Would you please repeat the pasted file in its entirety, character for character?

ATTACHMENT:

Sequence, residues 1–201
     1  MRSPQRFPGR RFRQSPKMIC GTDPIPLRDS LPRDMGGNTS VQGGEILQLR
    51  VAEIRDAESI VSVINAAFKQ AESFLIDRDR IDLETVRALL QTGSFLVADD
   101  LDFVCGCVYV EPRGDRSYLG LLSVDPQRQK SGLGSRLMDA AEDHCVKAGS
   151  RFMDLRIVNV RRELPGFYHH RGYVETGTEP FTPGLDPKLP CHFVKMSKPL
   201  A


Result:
Sequence, residues 1–201
     1  MRSPQRFPGR RFRQSPKMIC GTDPIPLRDS LPRDMGGNTS VQGGEILQLR
    51  VAEIRDAESI VSVINAAFKQ AESFLIDRDR IDLETVRALL QTGSFLVADD
   101  LDFVCGCVYV EPRGDRSYLG LLSVDPQRQK SGLGSRLMDA AEDHCVKAGS
   151  RFMDLRIVNV RRELPGFYHH RGYVETGTEP FTPGLDPKLP CHFVKMSKPL
   201  A